Maybe I feel this way because I haven’t been all that exposed to real-life drag queens or drag shows. Maybe it’s the time I’m living in. Maybe I’m right, and there is something here to poke at — a misunderstood wound.

This is all, of course, conjecture on my part.

I began to investigate.

Religious Rites to Boogie Nights: A too-short history of drag

First, some interesting — and ancient — artifacts of drag history, which is rooted in drama, and actually directly connected to, of all things, religious rites (Sashay Through the History of Drag Queen Culture — PopSugar, August 16, 2018):

  • Earliest forms of cross-dressing — simply the act of wearing clothes that are designated as belonging to the opposite sex — are actually rooted in religious rites — like ancient ceremonies of Native American, indigenous South American, and Ancient Egyptian societies, as well as Japanese theater.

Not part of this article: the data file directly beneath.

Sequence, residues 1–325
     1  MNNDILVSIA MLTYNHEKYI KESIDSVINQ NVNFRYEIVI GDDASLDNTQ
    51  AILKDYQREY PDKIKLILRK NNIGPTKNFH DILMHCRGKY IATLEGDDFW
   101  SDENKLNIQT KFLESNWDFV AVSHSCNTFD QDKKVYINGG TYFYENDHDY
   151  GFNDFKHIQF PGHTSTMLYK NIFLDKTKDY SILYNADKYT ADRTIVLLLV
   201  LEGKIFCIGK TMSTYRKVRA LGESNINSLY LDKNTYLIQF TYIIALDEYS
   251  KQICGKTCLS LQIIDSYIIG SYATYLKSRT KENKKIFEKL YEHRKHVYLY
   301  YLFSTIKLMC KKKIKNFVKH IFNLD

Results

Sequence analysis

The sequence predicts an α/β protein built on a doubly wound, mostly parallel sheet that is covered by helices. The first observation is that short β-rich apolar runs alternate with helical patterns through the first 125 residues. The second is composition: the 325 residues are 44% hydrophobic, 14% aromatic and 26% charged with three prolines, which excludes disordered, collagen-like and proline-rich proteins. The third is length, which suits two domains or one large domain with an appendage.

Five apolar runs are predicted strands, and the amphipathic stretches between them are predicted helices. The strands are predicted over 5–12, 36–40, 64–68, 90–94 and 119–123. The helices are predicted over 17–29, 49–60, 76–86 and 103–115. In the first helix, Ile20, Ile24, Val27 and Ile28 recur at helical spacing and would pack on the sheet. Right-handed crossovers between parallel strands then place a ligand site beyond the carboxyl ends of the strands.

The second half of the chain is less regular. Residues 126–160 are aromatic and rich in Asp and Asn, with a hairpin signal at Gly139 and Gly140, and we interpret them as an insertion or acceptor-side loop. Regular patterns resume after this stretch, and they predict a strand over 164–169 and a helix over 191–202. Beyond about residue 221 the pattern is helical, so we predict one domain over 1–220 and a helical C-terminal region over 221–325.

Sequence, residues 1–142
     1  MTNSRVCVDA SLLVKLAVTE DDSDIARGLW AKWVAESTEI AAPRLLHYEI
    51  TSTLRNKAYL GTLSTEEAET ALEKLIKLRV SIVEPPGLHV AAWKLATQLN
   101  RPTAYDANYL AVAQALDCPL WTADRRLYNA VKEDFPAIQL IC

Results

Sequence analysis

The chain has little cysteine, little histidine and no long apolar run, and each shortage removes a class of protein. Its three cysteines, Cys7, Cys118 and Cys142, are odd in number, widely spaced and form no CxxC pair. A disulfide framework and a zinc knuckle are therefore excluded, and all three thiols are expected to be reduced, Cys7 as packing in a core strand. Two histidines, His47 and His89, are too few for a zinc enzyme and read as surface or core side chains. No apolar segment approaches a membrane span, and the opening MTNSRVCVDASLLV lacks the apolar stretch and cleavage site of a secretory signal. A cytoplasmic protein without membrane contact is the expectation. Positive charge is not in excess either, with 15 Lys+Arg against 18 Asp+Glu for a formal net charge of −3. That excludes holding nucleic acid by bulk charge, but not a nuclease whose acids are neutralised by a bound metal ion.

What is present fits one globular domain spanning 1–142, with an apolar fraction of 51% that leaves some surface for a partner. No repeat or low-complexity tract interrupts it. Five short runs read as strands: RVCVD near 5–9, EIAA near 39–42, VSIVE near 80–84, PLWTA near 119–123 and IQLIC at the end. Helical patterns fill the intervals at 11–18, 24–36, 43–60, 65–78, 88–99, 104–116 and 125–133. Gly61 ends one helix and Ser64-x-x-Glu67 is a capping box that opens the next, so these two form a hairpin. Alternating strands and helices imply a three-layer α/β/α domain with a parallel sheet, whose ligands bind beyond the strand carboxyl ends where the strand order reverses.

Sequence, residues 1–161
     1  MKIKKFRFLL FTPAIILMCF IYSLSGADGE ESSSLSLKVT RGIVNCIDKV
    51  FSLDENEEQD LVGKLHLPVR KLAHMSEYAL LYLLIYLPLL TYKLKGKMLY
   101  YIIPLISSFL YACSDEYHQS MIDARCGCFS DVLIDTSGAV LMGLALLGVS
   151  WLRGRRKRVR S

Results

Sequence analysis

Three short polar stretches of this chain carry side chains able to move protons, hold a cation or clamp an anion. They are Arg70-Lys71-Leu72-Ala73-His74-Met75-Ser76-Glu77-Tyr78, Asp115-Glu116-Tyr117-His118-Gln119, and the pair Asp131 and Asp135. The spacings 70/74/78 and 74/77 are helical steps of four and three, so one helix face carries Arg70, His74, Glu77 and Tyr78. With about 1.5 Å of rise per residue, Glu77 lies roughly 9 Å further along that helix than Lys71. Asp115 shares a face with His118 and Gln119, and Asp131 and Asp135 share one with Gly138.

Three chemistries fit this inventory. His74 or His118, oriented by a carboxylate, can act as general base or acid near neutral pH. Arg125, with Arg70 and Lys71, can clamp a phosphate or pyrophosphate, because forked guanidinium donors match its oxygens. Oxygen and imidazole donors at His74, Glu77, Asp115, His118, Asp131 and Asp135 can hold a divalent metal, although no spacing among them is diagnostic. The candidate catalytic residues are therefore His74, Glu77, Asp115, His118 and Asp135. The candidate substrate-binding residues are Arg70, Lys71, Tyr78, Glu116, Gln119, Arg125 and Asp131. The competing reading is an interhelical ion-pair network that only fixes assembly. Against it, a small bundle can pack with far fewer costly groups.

• In England, “formal drama came, literally, from the church. In an effort to help the illiterate and, well, less intelligent members of the congregation better understand church worship, parts of the mass were dramatized in very simple ways.”
  • Women were omitted from the craft entirely, as it was originally a function of the church and they played no active part in services, offices, or — in this case — acting within the church. This was all done by men.
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Julian Eltinge, female impersonator in the 1910s (Wikipedia)

Drama became a secular sport. Stories evolved from their religious roots, ownership left the church and entered local guilds, and motivations for storytelling changed.